We_Can_t_Ever_Do_This_Again_JacketOn the back of your book David Seymour describes your poems as pseudo-magical. The poems definitely vary in tone and sound, but how would you describe your poems?

These poems are attempts at describing and coming to terms with the inconsistencies and disappointments of growing up, of pulling together your own history, of losing in love. I don’t think these are poems that try to make things magical, but I do think they’re working for some basic and livable compromise between things as we hope for them to be, and things as they turn out to be.

I really like the poem “Renfrew, Ontario, 1988”. What inspired that poem?

I wrote that poem about the particular event of witnessing a cow being shot between the eyes when I was young. I hadn’t seen anything like that before then, so it made an impression. I don’t mean to sound pat, but in retrospect, it was a significant and lasting example of moral ambiguity, a concept I didn’t even know existed at the time. My uncle shot the cow because it was sick and starving itself. He was a very nice man and he shot the cow without a moment of hesitation as to its rightness or wrongness. He was confident about what needed to be done and I was mesmerized by that. I still am to a certain extent.

 How long did this project take? Was it something you left and came back to?

I started the poems in this book in 2011 and published it in 2015, so about four years or so. I don’t remember ever leaving it; I just kept writing it, a poem a month on average until it was long enough to be a book. The last poem in the book is also the last poem I wrote for the book only a few months before it was printed.

Did any poem come to you in one sitting?

The ones that I wrote to a single person did. You see, I wrote them for a man as kind of love letters, the benefit of which is that I never imagined they would be read by anyone else. I wasn’t self-conscious about them in terms of “is this a good poem” because my singular aim was to make a specific kind of impression on him alone. Those are the ones in the book that I feel the closest to, even though they came the quickest.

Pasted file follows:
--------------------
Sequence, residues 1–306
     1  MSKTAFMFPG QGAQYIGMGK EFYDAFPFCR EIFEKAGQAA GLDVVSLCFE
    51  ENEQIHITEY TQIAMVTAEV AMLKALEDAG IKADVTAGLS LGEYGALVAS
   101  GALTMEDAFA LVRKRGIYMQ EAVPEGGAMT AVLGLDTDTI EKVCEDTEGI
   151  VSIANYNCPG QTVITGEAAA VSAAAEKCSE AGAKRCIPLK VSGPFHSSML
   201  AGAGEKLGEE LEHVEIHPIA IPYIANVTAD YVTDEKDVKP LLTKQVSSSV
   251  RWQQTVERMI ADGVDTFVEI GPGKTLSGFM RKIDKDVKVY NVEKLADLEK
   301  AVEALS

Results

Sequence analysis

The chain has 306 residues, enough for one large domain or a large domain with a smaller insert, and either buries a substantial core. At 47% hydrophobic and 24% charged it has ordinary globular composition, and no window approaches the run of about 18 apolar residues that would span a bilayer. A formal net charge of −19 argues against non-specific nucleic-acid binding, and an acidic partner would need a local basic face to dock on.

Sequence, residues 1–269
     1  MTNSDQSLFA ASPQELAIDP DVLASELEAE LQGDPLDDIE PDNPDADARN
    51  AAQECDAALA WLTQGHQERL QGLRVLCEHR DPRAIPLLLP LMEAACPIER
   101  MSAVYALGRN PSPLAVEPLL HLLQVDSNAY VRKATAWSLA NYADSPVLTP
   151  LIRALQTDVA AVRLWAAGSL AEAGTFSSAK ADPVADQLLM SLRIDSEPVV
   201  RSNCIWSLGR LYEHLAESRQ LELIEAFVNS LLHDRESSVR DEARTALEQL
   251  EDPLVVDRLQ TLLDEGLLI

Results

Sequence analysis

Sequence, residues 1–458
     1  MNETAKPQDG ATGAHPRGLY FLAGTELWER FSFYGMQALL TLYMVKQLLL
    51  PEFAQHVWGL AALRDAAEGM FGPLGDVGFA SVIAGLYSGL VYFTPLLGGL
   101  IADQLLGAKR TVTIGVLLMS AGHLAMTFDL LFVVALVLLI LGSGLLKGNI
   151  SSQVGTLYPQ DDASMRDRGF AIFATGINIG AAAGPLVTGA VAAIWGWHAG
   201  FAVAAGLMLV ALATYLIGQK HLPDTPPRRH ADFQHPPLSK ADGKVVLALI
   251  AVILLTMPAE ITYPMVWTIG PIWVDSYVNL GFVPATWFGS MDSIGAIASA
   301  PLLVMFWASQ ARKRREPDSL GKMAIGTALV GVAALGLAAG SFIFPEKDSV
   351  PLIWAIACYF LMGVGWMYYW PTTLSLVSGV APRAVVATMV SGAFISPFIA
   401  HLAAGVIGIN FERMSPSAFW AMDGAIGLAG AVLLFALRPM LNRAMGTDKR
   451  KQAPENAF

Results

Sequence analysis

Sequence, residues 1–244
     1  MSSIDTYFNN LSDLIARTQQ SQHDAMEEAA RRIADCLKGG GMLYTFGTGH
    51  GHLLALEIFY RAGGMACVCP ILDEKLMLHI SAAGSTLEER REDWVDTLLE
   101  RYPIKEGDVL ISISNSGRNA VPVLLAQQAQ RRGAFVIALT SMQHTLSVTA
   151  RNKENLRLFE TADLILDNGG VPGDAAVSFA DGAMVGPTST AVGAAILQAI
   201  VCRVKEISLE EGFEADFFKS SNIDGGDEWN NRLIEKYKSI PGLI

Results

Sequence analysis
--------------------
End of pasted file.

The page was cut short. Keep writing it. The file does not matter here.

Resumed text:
Did the collection naturally lend itself to be split into parts?

I don’t know. I think it’s easier to provide breaks in a poetry collection so there are built-in starting and stopping places to guide a reader. Maybe too, any kind of extra organization or logic in a book of poetry is a good thing.

How many titles did you go through before you settled on the current title?

For a long time the book was untitled and I had no good ideas for a title, which I think had something to do with the fact that I didn’t really know what this book was about. I mean, I knew it was about love and death, but what isn’t about love and death?

It wasn’t until the book was more or less finished, and my boyfriend called me from Vancouver, having been away for three days, and said of our separation, “We can’t ever do this again.” He was joking a little in this context, but I also saw how that sentiment sympathized with the book’s so-far-unacknowledged aims. I thought it was a perfect title and I stole it.

What are you currently working on?

I’m just finishing a chapter in a book called The Woods: A Year on Protection Island which will be out this fall with Nightwood Editions. It’s a book about living in a really small community of only a couple hundred people. A community which also happens to be isolated on an island, accessible only by boat, and so small that you can walk its entire length in under thirty minutes.

Where is the most comfortable place to write?

At home, where I’m close to the fridge when I get hungry, the bathroom when I have to go, and my bed if I want to lie down. For these reasons, coffee shops are the worst. Also, I like to listen to songs when I write, and for some reason, I like that to be a private thing. At home.


Matthew Walsh is a writer from Nova Scotia. His work has appeared in Arc, Carousel, Johnathan, The Quotable, The Found Poetry Review, Carousel and TAR.